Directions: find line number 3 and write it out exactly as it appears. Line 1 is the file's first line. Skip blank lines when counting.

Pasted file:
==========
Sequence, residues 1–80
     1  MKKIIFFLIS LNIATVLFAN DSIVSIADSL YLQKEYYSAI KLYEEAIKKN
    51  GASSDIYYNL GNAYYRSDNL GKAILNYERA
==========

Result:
    51  GASSDIYYNL GNAYYRSDNL GKAILNYERA